BALTIMORE — After being shot during a robbery while off duty on Thursday, Sergeant Isaac Carrington is recuperating.
He was strong enough this weekend to record a video message to his fellow officers with the help of Commissioner Michael Harrison.
"Isaac go ahead, say what you wanna say,” Harrison says in the video.
“I love you all,” Carrington said. “I'll be back."
It's a silver lining in what has otherwise been a spate of violent crime since the sergeant was shot last Thursday.
The latest sounds of soul shuddering grief came on the Southeast side of the city late Monday morning.
Baltimore police say a man was shot and killed in the alley behind Shipview Way just before 11 o'clock.
It was a scene that capped off a violent few days that racked up four other murders.
A 17-year-old was killed on Eirman Avenue in Northwest Baltimore Sunday, one of two just yesterday when another man was shot and killed right in front of Lexington Market on Eutaw Street.
13 other people were also shot over the weekend.
Two Baltimore Police detectives were back on Rose street just north of Monument Monday afternoon, canvassing to piece together two different shootings within just three hours on this one block last night.
On the city's Southwest side Friday night -- a triple shooting on South Franklintown Road where a 15-year-old was struck while sitting on a porch in this block.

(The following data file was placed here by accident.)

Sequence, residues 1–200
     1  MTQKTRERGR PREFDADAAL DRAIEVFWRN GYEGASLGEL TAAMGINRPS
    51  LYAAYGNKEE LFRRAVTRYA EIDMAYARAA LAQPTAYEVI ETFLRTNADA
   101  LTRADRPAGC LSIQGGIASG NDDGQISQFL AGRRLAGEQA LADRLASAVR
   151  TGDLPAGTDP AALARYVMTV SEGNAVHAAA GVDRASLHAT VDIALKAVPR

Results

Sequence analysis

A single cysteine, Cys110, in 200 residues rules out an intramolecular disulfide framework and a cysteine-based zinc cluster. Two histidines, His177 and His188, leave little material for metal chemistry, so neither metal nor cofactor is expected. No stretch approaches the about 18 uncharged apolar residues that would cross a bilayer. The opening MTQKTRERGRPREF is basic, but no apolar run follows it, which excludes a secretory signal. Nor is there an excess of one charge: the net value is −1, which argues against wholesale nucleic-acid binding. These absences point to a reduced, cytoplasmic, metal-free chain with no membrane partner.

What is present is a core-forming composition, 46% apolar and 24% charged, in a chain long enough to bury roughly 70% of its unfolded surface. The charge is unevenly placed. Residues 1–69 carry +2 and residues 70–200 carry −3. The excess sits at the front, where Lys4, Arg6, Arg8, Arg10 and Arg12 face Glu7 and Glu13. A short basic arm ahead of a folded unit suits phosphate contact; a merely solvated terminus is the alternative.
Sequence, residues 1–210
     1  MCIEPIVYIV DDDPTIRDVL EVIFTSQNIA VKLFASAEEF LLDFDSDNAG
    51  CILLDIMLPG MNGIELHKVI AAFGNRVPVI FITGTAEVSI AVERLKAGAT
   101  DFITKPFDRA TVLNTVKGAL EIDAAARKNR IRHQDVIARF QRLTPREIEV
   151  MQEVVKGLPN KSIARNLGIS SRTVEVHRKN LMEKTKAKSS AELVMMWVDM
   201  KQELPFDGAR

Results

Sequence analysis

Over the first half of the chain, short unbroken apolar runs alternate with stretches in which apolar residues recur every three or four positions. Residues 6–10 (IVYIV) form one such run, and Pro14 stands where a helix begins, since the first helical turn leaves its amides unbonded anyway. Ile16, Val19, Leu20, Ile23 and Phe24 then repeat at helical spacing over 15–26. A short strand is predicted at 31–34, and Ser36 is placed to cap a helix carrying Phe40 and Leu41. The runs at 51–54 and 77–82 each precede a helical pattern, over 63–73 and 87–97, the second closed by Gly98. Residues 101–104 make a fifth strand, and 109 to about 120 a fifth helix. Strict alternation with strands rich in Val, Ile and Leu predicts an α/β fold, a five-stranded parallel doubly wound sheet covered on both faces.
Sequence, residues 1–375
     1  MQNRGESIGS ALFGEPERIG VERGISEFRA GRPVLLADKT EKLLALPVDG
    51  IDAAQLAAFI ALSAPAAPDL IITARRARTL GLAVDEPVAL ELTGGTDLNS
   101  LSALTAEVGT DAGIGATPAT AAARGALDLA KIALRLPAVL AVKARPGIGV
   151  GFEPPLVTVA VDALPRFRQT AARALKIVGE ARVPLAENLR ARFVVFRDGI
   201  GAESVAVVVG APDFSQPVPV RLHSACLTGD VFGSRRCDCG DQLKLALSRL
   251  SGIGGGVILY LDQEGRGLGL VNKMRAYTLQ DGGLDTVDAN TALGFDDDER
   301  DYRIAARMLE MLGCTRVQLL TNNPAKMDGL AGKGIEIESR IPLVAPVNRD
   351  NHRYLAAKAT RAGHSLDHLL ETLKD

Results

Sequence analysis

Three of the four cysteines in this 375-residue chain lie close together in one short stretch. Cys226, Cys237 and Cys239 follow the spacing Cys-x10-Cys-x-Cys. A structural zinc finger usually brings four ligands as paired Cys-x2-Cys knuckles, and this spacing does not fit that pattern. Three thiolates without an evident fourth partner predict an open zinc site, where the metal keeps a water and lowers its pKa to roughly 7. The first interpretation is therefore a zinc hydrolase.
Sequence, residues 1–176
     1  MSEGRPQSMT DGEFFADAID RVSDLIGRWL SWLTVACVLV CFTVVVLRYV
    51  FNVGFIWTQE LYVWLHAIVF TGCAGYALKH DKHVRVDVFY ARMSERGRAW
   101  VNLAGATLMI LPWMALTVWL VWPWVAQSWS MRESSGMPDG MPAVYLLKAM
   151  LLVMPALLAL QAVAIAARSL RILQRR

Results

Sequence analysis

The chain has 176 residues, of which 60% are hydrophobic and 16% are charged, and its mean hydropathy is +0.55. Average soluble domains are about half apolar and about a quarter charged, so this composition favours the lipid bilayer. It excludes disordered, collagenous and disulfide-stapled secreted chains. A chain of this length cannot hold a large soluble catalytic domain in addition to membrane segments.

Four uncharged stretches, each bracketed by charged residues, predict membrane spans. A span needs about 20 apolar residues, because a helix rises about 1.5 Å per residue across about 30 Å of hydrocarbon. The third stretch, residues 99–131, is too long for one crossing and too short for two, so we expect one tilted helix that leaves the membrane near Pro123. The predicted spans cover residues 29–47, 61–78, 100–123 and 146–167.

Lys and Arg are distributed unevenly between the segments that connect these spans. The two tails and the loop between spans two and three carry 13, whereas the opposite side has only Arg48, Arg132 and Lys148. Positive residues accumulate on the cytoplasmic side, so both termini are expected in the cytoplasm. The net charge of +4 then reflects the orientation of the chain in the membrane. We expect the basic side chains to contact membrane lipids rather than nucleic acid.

The Baltimore Police Department declined to comment on any of these shootings or murders today but ever since Friday, Governor Larry Hogan has been tweeting -- calling on city and state leaders to impose mandatory sentences for those committing violent crimes with guns.
It is a message he's been pushing since at least June when he said the following at an unrelated event in West Baltimore.
"Baltimore City Police Department says that 60 percent of the people who are convicted of committing felonies with a gun do not do any serious jail time, one of my biggest concerns,” Hogan said. “We submitted legislation to do something about that and the legislature refused to pass it so, it makes it difficult."
Tougher still is Baltimore continuing at a pace that is now 16 percent higher in murders and 22 percent higher in shootings.